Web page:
"By Aeroplane to Pygmyland" Accounts of the 1926 Smithsonian-Dutch Expedition to New Guinea

Interpretive Essays

Browse Photos and Film

Expedition Source Material

About this Project

expedition source material

Journal of Matthew Stirling
Select a Date:
Select a location/subject:
Current Date and Location/Subject:  

July 23, 1926 : Rouffaer River

July 23rd

"The houses are very flimsy affairs and this was one of the best."

This morning passed much as usual. We stopped several times to trade with Papuans and have now a big load of articles. Today we saw for the first time at close hand a good many women and children. We stopped on shore at one place beside a house and after getting the confidence of the men, after a little trading, le Roux and I climbed up the notched stick and went in. They were not so enthusiastic about this but we smiled broadly, petted them on the shoulders and pretended not to understand their objections. The houses are very flimsy affairs and this was one of the best. It is thatched with sago palm leaves and {p. 179} {*} has a gabled roof. The floor is set up on poles about four feet from the ground. The ends of the house excepting for the round doorways, are closed with the midribs of palm leaves laid horizontally. The floor was made of sago bark laid across poles and on it were eight circular clay hearths each about 2½ feet in diameter and about four or five inches high. On each of these a small fire was burning. Standing about on the floor were baskets of sago bark filled with water, lumps of sago wrapped in leaves, a couple of very crudely carved trench shaped wooden vessels and a number of other articles. From the rafters were hanging sago baskets and net bags filled with bark cloth and personal articles and a number of human skulls which were prepared with a sort of reddish clay and with rattan braiding and handles. These latter they would not part with and when we tried to negotiate for one of them, a man took it and hurried out the "back door" with it. A human jaw bone, carefully wrapped with fiber cord and with a string {*} attached to be worn around the neck was also hanging from a rafter and this they traded to us readily enough along with several other articles, for a knife. Meanwhile the women were peeking around the back of the house, flirting with the soldiers in our canoe. When one of the soldiers would wave to them, they would start dancing. We stopped also at another small village where we saw women, the men were interested only in knives, whereas the women had no interest in iron articles of any sort but went into ecstasies over small mirrors and beads. The farther we progress up the {p. 180} river, the more numerous the population becomes. I think the people in here have trails to the Central mountains which are not so far from this point. They are smaller than the men on the Van der Willigen and are more of the short, bearded type. We saw none of the tall square jawed, smooth cheeked type here. [V2: crossed out: They also wear the net sack over the head of the sort reported from the Swart valley.] The men we traded with yesterday evening did not smoke and would not accept tobacco even as a gift. When Stanley demonstrated smoking it seemed to make them uneasy. It cannot be that they are unfamiliar with the custom as the people we saw today smoked cigars similar to those near the mouth of the Rouffaer, made from their own tobacco. The vertical hairpin-shaped nose ornaments worn here are huge affairs, some of them being ten inches long. They are ornamented with bands of fine fiber weaving covered with some sort of pitch, making a black section in the middle of each prong. Later in the day we could not induce any Papuans to come near us and when we approached them they disappeared. We surmise that the news of the fighting at Head camp and Motor camp has reached here by now. Two Papuans were shot at Head camp and one at Motor camp in their recent attacks there. I have an idea that these attacks were the result of "iron fever", the temptation to obtain the knives they knew to be in the possession of our men being more than they could resist. This evening we made camp between two Papuan villages not more than a half mile apart on the south bank. We had barely put up our shelter when a heavy thunder storm came up. A number of Papuans canoes appeared across the river and though I held up a big parang and shouted and waved {p. 181} to them, they would not approach us. After dark we went to bed and when the noise of the rain stopped, we could hear the Papuans shouting all around us until far into the night. We are here only a few hours from Motor Camp.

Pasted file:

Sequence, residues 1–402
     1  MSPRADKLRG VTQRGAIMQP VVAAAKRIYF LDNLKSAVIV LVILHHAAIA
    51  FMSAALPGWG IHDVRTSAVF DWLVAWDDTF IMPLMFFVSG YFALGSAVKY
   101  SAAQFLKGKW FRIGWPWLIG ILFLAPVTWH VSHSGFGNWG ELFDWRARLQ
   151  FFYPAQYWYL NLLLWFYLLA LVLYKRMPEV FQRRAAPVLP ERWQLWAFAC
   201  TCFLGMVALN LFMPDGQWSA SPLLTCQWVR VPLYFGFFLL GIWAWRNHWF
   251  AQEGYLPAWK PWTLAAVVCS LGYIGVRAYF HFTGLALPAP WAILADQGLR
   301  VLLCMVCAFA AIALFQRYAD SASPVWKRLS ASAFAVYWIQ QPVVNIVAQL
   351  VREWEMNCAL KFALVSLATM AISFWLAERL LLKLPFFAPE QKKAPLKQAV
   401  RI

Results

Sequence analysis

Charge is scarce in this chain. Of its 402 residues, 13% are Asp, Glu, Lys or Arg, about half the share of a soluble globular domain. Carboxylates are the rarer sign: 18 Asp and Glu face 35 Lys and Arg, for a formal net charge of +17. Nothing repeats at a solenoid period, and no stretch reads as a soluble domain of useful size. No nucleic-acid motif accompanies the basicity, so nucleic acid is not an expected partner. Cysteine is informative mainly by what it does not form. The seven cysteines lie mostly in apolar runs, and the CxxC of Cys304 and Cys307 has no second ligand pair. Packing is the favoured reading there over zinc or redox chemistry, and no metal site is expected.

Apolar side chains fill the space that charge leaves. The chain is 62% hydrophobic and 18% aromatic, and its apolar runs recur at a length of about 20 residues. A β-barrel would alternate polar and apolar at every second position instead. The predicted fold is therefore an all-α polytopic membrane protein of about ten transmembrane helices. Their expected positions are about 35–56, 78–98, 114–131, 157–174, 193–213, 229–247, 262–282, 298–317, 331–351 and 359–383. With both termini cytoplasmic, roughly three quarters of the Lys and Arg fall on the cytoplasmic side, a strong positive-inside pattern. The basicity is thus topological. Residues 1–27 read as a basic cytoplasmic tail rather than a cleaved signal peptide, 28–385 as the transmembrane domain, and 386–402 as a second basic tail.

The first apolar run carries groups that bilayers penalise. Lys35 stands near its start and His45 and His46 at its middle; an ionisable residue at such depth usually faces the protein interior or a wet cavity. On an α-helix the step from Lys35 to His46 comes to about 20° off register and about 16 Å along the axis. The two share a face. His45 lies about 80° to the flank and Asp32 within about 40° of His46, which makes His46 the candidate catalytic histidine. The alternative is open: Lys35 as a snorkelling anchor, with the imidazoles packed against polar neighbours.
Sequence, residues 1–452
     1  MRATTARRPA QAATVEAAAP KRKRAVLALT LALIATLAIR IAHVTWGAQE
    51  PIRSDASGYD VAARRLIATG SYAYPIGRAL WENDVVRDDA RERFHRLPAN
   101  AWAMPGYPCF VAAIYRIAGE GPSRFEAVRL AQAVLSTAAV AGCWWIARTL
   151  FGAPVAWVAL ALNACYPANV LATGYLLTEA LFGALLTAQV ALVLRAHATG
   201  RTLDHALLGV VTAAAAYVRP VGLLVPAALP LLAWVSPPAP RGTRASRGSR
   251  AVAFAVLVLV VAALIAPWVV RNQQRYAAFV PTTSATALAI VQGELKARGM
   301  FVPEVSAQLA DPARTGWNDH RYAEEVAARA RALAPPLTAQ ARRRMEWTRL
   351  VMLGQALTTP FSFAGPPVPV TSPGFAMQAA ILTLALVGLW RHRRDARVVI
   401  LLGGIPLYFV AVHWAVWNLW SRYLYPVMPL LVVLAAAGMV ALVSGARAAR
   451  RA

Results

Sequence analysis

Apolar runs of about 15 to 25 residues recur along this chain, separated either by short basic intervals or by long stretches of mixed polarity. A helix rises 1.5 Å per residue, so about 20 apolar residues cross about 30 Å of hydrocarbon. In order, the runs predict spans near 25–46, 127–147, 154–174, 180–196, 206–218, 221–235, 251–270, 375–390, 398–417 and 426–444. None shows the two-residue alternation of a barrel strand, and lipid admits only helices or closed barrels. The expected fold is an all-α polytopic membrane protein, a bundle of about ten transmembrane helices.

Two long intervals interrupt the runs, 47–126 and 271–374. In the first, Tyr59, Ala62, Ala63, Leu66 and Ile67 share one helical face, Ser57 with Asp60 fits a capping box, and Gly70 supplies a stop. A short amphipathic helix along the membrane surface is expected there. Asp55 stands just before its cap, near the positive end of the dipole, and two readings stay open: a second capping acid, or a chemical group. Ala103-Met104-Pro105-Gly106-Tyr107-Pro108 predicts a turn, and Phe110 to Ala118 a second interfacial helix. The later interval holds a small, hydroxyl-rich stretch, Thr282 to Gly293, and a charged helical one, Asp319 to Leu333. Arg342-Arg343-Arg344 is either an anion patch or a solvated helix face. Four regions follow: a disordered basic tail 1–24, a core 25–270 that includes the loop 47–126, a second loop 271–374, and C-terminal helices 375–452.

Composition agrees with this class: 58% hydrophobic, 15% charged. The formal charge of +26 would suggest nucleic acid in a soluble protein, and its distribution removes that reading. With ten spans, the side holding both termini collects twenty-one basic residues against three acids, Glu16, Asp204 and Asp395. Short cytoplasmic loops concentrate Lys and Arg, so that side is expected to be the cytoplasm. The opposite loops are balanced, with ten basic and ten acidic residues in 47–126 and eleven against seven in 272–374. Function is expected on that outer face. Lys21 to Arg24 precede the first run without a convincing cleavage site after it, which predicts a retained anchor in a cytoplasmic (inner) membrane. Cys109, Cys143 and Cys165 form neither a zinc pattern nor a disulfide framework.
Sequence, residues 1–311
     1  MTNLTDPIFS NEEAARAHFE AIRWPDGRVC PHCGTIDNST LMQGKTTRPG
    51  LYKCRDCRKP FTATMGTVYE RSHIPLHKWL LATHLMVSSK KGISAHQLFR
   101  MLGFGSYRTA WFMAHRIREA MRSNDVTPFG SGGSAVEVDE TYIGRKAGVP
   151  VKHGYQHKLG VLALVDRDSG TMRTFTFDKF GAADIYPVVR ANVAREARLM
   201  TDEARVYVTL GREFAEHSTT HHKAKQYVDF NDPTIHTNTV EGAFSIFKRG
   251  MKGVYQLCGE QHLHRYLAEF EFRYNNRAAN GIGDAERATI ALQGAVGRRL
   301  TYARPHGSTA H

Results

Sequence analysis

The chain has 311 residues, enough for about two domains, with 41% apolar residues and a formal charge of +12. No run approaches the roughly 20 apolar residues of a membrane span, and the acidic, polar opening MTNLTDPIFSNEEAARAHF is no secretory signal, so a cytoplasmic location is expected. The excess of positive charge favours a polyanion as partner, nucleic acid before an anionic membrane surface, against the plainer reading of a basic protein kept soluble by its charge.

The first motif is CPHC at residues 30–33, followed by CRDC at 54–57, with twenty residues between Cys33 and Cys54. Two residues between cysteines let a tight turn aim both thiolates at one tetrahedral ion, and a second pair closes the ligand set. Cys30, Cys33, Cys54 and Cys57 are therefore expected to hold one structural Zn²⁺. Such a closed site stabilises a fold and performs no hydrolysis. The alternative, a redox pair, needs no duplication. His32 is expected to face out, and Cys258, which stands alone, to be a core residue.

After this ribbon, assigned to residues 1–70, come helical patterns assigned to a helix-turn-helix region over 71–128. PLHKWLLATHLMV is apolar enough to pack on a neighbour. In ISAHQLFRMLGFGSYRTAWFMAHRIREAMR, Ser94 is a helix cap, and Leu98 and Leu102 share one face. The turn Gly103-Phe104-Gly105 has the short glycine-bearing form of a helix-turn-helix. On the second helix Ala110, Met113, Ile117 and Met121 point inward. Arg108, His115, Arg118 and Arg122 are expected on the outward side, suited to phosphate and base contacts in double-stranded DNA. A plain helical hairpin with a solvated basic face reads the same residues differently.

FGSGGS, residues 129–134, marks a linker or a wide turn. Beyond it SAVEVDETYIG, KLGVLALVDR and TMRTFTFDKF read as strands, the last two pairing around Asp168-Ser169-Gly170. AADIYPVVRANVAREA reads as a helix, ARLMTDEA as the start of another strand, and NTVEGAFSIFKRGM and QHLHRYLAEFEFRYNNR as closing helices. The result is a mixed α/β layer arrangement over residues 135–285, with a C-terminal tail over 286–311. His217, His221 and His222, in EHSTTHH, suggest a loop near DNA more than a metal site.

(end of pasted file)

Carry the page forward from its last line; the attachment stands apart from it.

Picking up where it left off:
CreditsPermissionsMore Expeditions & Voyages